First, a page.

Copper Development Association Advances Proof of Anti-Microbial Features

The CDA publishes quite a bit of information about the Anti-Microbial capabilities of Copper.

The link to their site is here: CDA

Historic Antimicrobial Uses of Copper

Brass Mukta

Typical brass mutka from rural Rajasthan, India

Copper and its alloys (brasses, bronzes, copper nickels, copper nickel zincs, and others) are inherently antimicrobial materials. Man exploited the antimicrobial attributes of copper long before the nineteenth century, when Louis Pasteur developed the germ theory of disease which states that infections are caused by microbes invading the human body. Egyptians used copper drinking vessels to sterilize water. The Hippocrates Collection, 460 to 380 B.C., to which the father of medicine contributed, recommends the use of copper for leg ulcers related to varicose veins. Pliny, 23 to 79 A.D., used copper oxide with honey to treat intestinal worms. The Aztecs gargled with a mixture containing copper to treat sore throats.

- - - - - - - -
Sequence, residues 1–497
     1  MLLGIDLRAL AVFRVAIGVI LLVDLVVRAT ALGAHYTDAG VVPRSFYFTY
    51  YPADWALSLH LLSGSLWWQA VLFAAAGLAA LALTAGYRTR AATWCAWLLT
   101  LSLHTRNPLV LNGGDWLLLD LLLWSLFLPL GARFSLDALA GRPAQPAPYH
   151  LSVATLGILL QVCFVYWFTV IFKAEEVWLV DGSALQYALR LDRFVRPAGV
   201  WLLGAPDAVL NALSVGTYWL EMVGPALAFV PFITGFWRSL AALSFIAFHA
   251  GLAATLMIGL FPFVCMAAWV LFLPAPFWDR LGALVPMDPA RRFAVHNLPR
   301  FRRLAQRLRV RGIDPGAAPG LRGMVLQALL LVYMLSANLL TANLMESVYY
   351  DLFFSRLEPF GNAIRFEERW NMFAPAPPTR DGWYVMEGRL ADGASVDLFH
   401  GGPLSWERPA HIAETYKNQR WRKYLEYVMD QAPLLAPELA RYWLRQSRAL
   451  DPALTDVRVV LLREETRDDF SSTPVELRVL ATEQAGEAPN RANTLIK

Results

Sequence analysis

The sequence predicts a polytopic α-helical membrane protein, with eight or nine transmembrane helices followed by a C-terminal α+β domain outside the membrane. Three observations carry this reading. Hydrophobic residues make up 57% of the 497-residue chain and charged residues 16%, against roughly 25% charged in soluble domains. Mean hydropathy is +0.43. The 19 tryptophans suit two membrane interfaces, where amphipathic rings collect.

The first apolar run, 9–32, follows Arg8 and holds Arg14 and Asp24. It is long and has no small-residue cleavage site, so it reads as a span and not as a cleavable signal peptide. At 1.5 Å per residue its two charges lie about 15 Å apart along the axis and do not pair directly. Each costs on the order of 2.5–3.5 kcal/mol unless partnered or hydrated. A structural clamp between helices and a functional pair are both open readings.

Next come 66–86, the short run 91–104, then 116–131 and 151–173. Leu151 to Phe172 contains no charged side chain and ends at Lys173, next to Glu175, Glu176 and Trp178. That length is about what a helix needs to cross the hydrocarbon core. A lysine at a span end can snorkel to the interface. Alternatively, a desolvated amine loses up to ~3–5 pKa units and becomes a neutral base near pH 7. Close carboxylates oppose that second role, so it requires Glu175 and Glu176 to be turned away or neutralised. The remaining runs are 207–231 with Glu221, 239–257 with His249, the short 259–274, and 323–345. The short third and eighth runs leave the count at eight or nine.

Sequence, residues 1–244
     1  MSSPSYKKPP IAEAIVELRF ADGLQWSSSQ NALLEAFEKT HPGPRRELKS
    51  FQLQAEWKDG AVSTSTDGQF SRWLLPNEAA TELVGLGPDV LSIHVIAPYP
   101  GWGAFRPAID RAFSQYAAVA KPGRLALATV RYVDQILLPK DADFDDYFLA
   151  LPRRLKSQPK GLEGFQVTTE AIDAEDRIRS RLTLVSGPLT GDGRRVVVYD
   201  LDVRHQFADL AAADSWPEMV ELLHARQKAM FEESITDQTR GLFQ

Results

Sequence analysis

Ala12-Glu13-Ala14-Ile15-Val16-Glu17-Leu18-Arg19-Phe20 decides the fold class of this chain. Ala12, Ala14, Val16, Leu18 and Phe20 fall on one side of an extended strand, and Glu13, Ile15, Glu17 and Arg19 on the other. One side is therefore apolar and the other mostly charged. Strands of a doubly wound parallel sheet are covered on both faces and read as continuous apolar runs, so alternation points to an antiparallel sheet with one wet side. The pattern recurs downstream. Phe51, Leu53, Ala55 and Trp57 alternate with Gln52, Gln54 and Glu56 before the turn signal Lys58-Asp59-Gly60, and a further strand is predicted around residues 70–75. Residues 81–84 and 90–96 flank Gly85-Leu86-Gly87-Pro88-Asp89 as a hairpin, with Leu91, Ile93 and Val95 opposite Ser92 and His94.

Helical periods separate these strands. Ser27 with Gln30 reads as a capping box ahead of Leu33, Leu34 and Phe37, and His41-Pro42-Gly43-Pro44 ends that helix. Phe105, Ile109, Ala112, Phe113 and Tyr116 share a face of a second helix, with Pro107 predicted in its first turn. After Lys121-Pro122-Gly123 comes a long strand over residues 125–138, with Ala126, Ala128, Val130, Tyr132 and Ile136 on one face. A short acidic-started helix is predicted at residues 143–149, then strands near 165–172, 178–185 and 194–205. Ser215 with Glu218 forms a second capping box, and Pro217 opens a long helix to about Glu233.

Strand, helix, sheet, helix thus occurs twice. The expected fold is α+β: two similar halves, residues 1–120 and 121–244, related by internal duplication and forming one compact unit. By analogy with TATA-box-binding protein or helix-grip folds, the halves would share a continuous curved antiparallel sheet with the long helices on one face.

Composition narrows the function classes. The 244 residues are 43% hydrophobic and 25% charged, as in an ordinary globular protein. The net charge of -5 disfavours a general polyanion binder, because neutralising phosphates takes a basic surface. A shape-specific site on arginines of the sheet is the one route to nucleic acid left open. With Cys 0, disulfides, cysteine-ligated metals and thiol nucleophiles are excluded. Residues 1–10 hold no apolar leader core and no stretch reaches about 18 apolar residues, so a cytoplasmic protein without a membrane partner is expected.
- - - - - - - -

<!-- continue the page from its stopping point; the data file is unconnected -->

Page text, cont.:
In light of this history, modern researchers began exploring the antimicrobial properties of copper in a variety of settings. A recent study compared bacteria levels in water stored in brass (a copper alloy) vessels traditionally used in rural India to the water stored in earthenware vessels. In a 1983 study, bacteria levels were examined on brass and stainless steel doorknobs in a hospital. The results of these studies led researchers to initiate controlled studies using EPA-approved test protocols to qualify scientifically the antimicrobial properties of copper.

A nice Slide Show can be seen here: Link Here

Antimicrobial Efficacy

U.S. EPA-approved testing demonstrates that, when cleaned regularly, Antimicrobial Copper Alloys kill 99.9% of the organisms listed below within two hours. Any reference to effectiveness against other organisms has not been proven by U.S. EPA-approved testing.

Antimicrobial Copper Alloys are not registered or approved by U.S. EPA or FDA forcontrolling disease or the transmission of bacteria that can cause disease in humans. Copper alloy surface materials have been shown to reduce microbial contamination, but they do not necessarily prevent cross contamination.

Antimicrobial Copper Alloys are a supplement to and not a substitute for good hygienic practices; users must continueto follow routine cleaning and disinfection practices.

Antimicrobial Copper Alloys are not approved for use in food-contact or drinkingwater applications.